How to Make Black Walnut Dye

My buddies at Rocks and Salt grabbed a sack full of black walnuts while they were doing an event in Pennsylvania.  Quit a good haul!  If you ever had questions on how to dye with these bad boys, here ya go!  Here’s my process extracting the dye and getting it on my print table,  with the end results being my fine linen cowl neck tops.

You collect black walnuts aka juglans nigra, in eastern North America in late fall/early winter.  I live in Brooklyn NYC, so harvesting dye stuff is possible but tricky.  I certainly don’t get the haul that someone out in an area with “real” nature does. So this was a great surprise.

When I got the shopping bag full of them, I couldn’t get to it right away, knowing it would be a chunk of time to get into all of them. The bag was full but they were in various stages of decay. The organizer of Rocks and Salt’s event had grabbed Bags of them from her yard and did a call out to anyone that wanted them.  They are great friends and instantly thought of me.

When you get your black walnuts, you should tend to them as soon as possible.  They rot and mold fairly quickly, especially if they’ve been rotting a bit on the ground. Also bugs.  Little worms love these things, so be prepared to remove some your collection.  The super saturated dye comes from the hulls, so you have to crack and remove the outer soft shell. You can use a mallet or rock, but be careful and not be too aggressive or the dye will splash everywhere and it is super saturated and long lasting. WEAR GLOVES when collecting and handling, no joke!  You’re hands will be stained forEver. My gloves got holes in the the thumbs while I was breaking the husks apart…my hands were brown for longer than a Month! Not exaggerating. Stained hands for a MONTH.

Once you separate the hulls, you can dye with them immediately. They are a substantive dye which means you don’t need to prepare your fabric with a mordant.  (The walnuts and husks in the center I saved to experiment with later, check back.) Since I had so much of it I wanted to be able to store it for later use, so I left them to dry out on a table for a few days.  So they didn’t mold, I came and moved around the bits twice a day.

Once they were fully dried, I used this amazing coffee grinder to pulverize the bits. One; so that they fit better in a jar. Two; so I could measure them easier, and the dye would be extracted in shorter amount of time. Three; I like to bundle dye with the grounds!  You can use them as chunks too.  Fresh is always best, if you just want to throw the hulls in a pot and dye with them immediately.

Save shell and nut for later! I put in my freezer until I was ready for them.

When ready to make dye bath, simmer your hulls in a small-medium sized stainless steel pot for at least an hour (I usually simmer, let it sit overnight, then simmer again), and then pour the dye through a strainer or colander to get all the bits out.  (It is Impossible to clean your fabric when it’s covered in dye stuff.)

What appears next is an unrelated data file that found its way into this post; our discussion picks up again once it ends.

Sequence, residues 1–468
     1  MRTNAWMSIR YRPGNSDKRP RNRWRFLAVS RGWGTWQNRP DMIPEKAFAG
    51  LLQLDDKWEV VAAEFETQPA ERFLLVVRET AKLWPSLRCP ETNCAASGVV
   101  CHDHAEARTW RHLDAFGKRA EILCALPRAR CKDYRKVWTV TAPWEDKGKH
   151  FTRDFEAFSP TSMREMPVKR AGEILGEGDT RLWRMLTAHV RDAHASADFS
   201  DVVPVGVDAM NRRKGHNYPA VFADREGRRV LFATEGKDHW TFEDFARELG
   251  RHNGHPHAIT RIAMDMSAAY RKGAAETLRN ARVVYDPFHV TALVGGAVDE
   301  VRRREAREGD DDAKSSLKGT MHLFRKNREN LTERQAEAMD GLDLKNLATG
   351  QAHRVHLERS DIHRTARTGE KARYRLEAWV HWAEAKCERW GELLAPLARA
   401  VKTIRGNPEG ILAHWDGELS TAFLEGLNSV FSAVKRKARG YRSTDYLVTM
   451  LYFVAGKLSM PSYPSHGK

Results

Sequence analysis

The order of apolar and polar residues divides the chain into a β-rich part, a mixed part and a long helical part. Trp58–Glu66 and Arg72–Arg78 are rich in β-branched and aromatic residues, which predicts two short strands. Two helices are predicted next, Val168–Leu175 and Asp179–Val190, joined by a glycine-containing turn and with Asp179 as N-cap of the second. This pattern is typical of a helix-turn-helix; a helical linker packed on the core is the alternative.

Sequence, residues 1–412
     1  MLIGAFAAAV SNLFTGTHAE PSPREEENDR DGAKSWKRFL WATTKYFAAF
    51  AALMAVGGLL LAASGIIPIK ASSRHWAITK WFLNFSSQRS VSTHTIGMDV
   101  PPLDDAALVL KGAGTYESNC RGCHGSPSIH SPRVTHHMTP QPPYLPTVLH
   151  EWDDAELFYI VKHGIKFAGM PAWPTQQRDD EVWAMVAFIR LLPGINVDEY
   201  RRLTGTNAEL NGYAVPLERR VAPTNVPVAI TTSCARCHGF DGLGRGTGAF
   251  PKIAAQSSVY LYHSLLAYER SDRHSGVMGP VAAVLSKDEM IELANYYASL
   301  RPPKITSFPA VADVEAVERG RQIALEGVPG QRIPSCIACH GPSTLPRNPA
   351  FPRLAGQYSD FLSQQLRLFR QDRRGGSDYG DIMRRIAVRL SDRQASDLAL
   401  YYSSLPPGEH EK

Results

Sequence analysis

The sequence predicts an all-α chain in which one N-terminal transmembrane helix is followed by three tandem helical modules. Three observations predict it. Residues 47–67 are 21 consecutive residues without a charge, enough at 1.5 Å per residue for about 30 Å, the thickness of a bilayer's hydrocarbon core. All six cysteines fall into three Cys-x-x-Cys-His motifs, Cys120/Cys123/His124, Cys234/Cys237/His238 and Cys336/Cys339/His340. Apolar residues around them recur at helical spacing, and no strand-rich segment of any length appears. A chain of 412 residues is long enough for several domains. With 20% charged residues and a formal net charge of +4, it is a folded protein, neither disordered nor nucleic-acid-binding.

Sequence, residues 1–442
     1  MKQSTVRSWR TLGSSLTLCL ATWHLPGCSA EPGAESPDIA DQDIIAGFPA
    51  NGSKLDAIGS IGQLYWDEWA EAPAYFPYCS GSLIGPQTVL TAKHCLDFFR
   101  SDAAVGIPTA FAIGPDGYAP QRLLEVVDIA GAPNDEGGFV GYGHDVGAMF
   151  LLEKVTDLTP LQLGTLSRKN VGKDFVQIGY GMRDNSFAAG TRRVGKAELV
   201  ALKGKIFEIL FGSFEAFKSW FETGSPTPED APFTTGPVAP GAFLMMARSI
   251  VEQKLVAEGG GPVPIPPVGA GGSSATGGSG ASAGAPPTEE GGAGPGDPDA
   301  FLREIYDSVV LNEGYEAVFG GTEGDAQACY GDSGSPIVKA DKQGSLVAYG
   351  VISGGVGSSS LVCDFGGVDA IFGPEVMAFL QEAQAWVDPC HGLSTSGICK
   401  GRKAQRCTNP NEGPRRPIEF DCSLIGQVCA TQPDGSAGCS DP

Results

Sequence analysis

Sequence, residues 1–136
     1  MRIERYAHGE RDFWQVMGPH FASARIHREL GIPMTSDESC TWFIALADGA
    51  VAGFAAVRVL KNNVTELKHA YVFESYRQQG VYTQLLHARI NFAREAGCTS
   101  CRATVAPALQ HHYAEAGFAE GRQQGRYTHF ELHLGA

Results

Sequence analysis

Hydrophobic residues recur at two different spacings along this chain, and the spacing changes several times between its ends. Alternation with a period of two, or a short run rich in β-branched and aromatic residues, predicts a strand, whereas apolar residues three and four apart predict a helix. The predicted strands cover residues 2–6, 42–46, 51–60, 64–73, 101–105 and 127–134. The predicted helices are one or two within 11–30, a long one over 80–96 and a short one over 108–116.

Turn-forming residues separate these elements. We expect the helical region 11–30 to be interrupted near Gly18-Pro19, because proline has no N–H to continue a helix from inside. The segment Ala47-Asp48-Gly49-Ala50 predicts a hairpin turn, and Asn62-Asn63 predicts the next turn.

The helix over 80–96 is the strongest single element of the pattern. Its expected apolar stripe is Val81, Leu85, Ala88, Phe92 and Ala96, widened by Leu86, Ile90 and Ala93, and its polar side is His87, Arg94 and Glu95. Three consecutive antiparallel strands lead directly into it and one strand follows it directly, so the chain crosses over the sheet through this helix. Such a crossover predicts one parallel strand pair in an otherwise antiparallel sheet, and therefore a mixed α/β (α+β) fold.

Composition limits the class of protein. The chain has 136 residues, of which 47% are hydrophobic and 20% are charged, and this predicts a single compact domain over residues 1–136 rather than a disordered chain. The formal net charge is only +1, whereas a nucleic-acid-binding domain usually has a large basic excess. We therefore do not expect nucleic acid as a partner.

You can store extracted dye for later use in fridge or add your fabric immediately.  You can even use your dye to draw and paint with by making a really saturated brew.

If you’re fabric is ready to be dyed (always scour your fabric), bring a large stainless steal pot, half filled with water to boil, then lower to 180 degrees.  The pot should be big enough for the fabric you are dyeing.  You want the fabric to have enough room to move around without folding over on itself and bunching up, causing dark or lighter spots.  When water is 180, add your strained, saturated, dye mixture into the pot and stir.  Make sure your fabric is wet then wrung out, as you never should add dry fabric to a dye pot. Unbunch your fabric and slowly add in to the pot.  Keep at 180 for an hour, stirring every 5 minutes, and then leave it in the pot over night.  I even check on it, stirring, when I pass by it during that time.

Rinse in cool water.  Wash in hot soapy water, preferably synthrapol, Then rinse until water runs clear.  For the life of the piece, any naturally dyed piece should be washed in cold water to preserve the color.

I had 5 yards of prewashed linen.  Because my pot is a little too small for that amount of fabric I heat the dye and pour over the fabric in a 5-10 gallon tub.  Rather then simmering the fabric, I let it sit for a week, tending to it a few times a day.  You need to stir and move your fabric around so it doesn’t dye spotted and inconsistently.

After it sat for a good amount of time I removed the fabric, twisting as much of the dye out as possible, but not letting dry.  Damp, I folded the fabric back and forth and then rolled it up, in a sudo-shibori style.  With fabric set aside, I brought the dye bath back to 180 degrees and added 3 Tablespoons of iron powder.  I placed the fabric back in the tub and then carefully poured the iron’ed dye bath so that it covered half the rolled fabric, and let it sit for 2 days. 

After dyeing and washing,  I then silkscreen my the yardage with water based textile ink.  Each color/image is a step in the print process.  Once the ink is dry it needs to be heat set or “cured” so that the ink bonds to the fiber and is washable.  

Cut it up, and sew it.  Only 4 made per 5 yards created.

This skirt was one of a kind and sold! But see below, I may have a cowl neck top left in my online shop!

 

Fun Fact: Black walnuts are a natural source of iodine and great for your thyroid, antifungal, and antiparasitic. Here’s a link to more info on health benefits and making black walnut tincture.

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